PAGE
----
Equity transanctions reopens at the Nigerian Stock Exchange (NSE) for the month of November on Monday under serious market operators and investors’ concerns that revolves around risk management and
corporate confidence issues.
The concerns, which some dealers termed very serious hovers around Oando Plc huge losses, Stanbic IBTC holdings’ indictment by the Financial Reporting Council of Nigeria (FRC) and the Central Bank of
Nigeria sanction of FBN Holdings and UBA for Single Treasury Account (TSA) non-compliance.
Although both Securities ans Exchange Commission (SEC) and NSE have remained silent on the issues, some capital market operators and shareholders are expressing divergent views on the implications of
those regulatory hammers on the capital market.
Some argued that regulatory sanctions would further compound the nation’s macroeconomic challenges and the dwindling fortunes at the capital market.
Others also said the sanctions was a positive omen for regulatory framework and corporate governance in Nigeria.
Emmanuel Ohanwusi, a stockbroker with Maxifund Investment & Securities Plc, said “The implication of the regulatory sanctions will be very minimal because Nigerian investing public are not very sophisticated and more so when we are dealing with historical information.
“In spite of the fact that the sanctions cast serious aspersions on the management and board of the quoted companies concerned, the market will not be seriously affected.
“On the domestic scene, we dwell so much on stale financial information to the extent that foreign investors who must have reacted then are now waiting in the wings to cash inn on local retail
investors’ adverse reactions.
“Most foreign investors had already taken position on the issues even before the regulatory authorities made it public.”
Oladipo Williams, Managing Director of Support Services Ltd, Lagos, told PREMIUM TIMES the sanctions would affect the market significantly.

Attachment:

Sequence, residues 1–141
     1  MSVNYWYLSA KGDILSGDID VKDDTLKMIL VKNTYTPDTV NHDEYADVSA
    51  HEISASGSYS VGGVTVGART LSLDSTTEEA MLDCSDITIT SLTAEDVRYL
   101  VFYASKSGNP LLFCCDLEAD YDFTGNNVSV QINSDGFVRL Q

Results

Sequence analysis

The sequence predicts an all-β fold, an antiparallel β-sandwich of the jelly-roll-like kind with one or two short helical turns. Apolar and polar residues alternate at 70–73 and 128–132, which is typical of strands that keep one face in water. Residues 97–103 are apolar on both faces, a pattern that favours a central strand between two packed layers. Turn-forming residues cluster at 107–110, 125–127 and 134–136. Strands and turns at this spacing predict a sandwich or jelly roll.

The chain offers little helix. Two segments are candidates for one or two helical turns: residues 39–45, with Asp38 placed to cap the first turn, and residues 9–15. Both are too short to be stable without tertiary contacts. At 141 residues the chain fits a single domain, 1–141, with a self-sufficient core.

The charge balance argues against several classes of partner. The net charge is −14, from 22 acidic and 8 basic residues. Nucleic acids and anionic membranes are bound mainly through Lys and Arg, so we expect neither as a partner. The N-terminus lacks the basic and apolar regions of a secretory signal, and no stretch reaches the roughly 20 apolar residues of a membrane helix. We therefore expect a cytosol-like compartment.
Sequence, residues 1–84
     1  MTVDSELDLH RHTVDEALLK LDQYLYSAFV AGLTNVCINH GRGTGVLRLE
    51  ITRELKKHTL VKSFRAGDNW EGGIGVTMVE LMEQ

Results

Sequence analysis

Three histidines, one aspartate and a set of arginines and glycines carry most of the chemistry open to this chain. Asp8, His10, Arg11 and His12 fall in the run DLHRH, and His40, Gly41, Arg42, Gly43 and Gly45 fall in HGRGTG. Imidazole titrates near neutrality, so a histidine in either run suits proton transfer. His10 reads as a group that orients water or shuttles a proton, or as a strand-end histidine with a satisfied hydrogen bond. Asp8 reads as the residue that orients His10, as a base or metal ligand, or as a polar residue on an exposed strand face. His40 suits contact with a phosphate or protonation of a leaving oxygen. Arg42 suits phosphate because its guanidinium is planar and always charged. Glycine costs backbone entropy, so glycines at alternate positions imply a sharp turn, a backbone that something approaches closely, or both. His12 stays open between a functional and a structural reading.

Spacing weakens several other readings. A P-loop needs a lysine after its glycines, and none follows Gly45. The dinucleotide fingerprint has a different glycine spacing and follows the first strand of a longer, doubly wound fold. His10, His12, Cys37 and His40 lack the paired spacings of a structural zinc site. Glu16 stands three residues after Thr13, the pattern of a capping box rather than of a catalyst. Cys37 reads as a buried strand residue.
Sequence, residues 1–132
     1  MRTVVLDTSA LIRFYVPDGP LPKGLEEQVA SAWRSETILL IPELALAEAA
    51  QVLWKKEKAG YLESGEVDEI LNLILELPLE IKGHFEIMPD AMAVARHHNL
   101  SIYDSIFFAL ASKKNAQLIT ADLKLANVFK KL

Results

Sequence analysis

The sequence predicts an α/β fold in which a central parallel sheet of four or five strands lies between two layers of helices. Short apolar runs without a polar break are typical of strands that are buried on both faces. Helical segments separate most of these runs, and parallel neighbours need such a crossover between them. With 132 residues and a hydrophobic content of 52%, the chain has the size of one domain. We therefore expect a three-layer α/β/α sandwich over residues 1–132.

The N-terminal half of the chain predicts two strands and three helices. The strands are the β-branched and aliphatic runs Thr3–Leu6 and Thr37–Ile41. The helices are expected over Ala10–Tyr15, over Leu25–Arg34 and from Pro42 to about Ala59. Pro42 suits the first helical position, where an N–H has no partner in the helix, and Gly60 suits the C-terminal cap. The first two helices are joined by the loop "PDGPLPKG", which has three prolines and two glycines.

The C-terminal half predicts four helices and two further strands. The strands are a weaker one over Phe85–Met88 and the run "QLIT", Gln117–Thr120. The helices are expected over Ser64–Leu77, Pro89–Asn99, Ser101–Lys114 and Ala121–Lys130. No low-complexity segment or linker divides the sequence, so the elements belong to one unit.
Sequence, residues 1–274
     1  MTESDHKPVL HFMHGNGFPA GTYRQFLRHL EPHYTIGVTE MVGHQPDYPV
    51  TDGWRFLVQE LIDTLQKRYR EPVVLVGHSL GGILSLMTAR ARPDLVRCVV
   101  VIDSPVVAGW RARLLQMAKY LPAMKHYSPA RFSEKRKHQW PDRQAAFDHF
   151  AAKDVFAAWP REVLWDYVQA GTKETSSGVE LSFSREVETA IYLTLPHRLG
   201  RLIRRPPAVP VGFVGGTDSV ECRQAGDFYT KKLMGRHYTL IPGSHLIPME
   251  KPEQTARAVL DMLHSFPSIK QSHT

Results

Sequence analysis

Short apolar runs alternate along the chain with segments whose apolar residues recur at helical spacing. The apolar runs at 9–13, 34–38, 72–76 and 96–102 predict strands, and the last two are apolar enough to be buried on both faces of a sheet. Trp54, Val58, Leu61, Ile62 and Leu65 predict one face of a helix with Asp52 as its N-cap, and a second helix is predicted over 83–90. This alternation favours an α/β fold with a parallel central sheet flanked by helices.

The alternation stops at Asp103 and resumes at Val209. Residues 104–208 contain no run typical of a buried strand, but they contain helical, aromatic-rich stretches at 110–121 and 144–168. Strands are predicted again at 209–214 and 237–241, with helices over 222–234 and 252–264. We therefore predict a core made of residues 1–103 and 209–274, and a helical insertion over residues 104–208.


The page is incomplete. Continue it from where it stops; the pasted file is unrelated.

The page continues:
Mr. Williams said while shareholders remain disappointed on the financial implications of the huge fines on projected dividends, the regulators must have their way.
“To some of us, the sanctions remain a veritable statement in the political will of regulators engender corporate governance in the market and make quoted companies to meet post-listing requirements,” Williams said.
George Ibhade, a shareholder, also commended the regulators for restoring sanity in the market and implementing the corporate governance code for quoted companies.
Mr. Ibhade said the sanctions would not only leverage investors confidence in the market but showcase the commitment of regulators to investors’ protection.
On the StanbicIBTC Bank Plc saga, Mr. Ibhade said the regulatory approach of FRC leaves much to be desired.
“What we saw from the actions of the FRC executive secretary in the media and which disturbed numerous shareholders was his outright judgement of the bank’s board and management even before any
“To some of us shareholders, it seems IBTC sanactions was a personal or corporate vendetta pursued by FRC,” Mr. Ibhade said.
PREMIUM TIMES recalls that the Central Bank of Nigeria (CBN) recently sanctioned FBN Holdings and UBA for non-compliance with TSA.
The CBN, in line with its earlier notification, sanctioned the two banks for failing to fully comply with the directive of the Federal Government of Nigeria on remittance of all deposits relating to the
Federal Government MDAs into the TSA as at September 15, 2015.
The CBN hammered FBN Holdings and UBA N1.9 billion and 2.9 billion respectively.
In another development, the FRC, after its investigation of Stanbic IBTC Holdings Plc, sanctioned the bank for alleged regulatory concealment, accounting irregularities and poor disclosures.
The FRC also ordered the withdrawal of the banks financial statements for 2013 and 2014 respectively in accordance with relevant provisions of the FRC guidelines.
The Council also suspended the four directors of the company for alleged negligence and further reported the company to the CBN and the Economic and Financial Crimes Commission.
In a market related event, Oando, Nigeria’s Integrated Oil and Gas operator, recently announced post-tax loss of N183.9 billion, the biggest loss so far recorded by any listed company on the NSE.
The management of the company attributed the loss to provisions made for the inability of its Joint Venture partners (JVs) to pay for over lifted oil, Naira devaluation, impairment and write-downs on its
Support PREMIUM TIMES' journalism of integrity and credibility
Good journalism costs a lot of money. Yet only good journalism can ensure the possibility of a good society, an accountable democracy, and a transparent government.
For continued free access to the best investigative journalism in the country we ask you to consider making a modest support to this noble endeavour.
By contributing to PREMIUM TIMES, you are helping to sustain a journalism of relevance and ensuring it remains free and available to all.
TEXT AD: To advertise here . Call Willie +2347088095401...